- Loose Id
- Release Date
- February 2011
Contemporary Romance, Erotic Romance, Multi-cultural/Multi-racial Romance
Creigh and Dean De Luca have perfected the art of living Happily Even After. With a new baby and two rambunctious preteens, life in the De Luca household is never dull...or quiet, which doesn't leave the two lovebirds much time to be alone.
Their love for one another is stronger than ever. Their love life on the other hand has seen better days. Sex has become routine and predictable, and more often than not is nothing more than a quickie between late night feedings.
Unwilling to let the spark go out of their relationship a second time, Dean goes all out for Valentine's Day. He's booked the best room the city has to offer, he's ordered Creigh's favorite wine and he's made one rule. For the next twenty-two hours her body belongs solely to him.
Publisher's Note: This book contains explicit sexual content, graphic language, and situations some readers may find objectionable: Spanking.
Mar 11, 2011 [ OFFICIAL REVIEW ]
203 people found the following review helpful
How many of you face this scenario? You and your partner have everything that you could possibly need - a home, family and a sustainable career. You were also given a second chance to work things out, but one day you realize that you no longer have time for each other.
Well, our protagonists are caught in this dilemma. Dean De Luca works long hours at a family-owned bar. His wife Creigh is busy as well at her flower shop and taking care of their three children. Finding time to be alone as a couple is a daily challenge and brings strain to their love life.
This novel is the sequel to Happily Ever After and can stand alone. Some characters are mentioned once more but the reader won't get lost and wonder who is who and what did what. Lena Matthews has continued the romantic saga between Dean and Creigh and placed her characters in a scenario all too familiar among couples facing the responsibility of rearing children, working and seeking time for some intimacy.
Creigh is as beautiful as ever in her husband's eyes despite giving birth to three children. At times, she feels insecure about her looks but her husband keeps reminding her otherwise. Dean, on the other, is portrayed as a responsible father and husband whose love for his wife seems to increase each day. Their frustration stems from the fact that they never have enough time to be alone. The act of making love is relegated to quickies and hand jobs. This changes when Dean goes out of his way to surprise Creigh on Valentine's Day.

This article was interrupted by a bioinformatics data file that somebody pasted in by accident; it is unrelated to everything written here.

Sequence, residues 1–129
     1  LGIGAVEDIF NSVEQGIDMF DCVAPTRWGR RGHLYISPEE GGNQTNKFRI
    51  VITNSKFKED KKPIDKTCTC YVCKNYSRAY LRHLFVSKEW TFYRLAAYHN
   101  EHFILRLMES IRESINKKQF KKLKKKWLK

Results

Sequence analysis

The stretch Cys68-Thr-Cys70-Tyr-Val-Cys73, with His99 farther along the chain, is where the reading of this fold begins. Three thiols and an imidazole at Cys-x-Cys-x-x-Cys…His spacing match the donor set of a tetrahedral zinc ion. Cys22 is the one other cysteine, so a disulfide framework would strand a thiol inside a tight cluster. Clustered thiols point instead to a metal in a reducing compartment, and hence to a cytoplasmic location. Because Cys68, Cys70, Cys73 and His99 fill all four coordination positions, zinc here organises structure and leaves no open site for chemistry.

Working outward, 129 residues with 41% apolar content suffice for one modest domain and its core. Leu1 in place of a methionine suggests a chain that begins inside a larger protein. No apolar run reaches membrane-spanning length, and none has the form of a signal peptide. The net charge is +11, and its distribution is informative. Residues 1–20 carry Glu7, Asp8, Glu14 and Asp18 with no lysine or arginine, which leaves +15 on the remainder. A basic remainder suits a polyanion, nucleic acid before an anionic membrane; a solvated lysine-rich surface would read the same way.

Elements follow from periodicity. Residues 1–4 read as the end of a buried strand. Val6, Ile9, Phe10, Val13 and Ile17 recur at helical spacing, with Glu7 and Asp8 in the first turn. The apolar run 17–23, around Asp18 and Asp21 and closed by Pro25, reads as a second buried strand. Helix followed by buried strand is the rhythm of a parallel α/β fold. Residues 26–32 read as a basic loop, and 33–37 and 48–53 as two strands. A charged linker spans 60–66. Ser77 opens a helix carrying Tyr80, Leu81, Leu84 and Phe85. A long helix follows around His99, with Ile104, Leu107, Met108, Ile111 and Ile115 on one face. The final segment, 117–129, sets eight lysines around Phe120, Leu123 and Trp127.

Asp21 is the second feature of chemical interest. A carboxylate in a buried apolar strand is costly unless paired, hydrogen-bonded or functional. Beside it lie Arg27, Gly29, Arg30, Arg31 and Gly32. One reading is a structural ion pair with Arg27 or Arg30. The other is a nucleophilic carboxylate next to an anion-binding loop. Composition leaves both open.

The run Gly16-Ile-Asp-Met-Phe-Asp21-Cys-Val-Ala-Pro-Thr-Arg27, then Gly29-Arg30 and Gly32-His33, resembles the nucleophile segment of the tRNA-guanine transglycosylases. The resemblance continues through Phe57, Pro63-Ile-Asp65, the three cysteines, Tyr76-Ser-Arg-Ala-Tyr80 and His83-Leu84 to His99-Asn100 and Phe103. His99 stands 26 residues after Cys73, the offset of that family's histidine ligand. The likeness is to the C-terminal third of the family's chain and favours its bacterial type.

I like it that the author has drawn realistic characters and placed them in real situations. There is nothing false here. Creigh and Dean could be people you know - your neighbors, friends, relatives or even yourself and your partner. It wouldn't be difficult to relate to them and what they go through daily.
However, I would like to point out that the author could have added something a little extra on Dean's relationship with his growing brood. It is true that he is a responsible father but when the testosterone builds up, this makes him appear selfish and it clouds his paternal feelings. An additional scene where he takes the children out to the park or to the mall would have been great. Being a good father to your children after all is way too different from being a good husband/lover to your wife.
Now, some of the sexual situations depicted may make some readers blush. However, if one looks at them within the context of two married people showing how much they miss and love one another, everything sounds perfectly reasonable and acceptable.
STILL THE ONE is a light read. It is neither too long nor too short but filled with enough steam and romance. This book will remind readers who are in a relationship that no matter how busy life gets, couples should always find time to be with each other. At any stage in a relationship, keeping the fire burning is significant and always will be.
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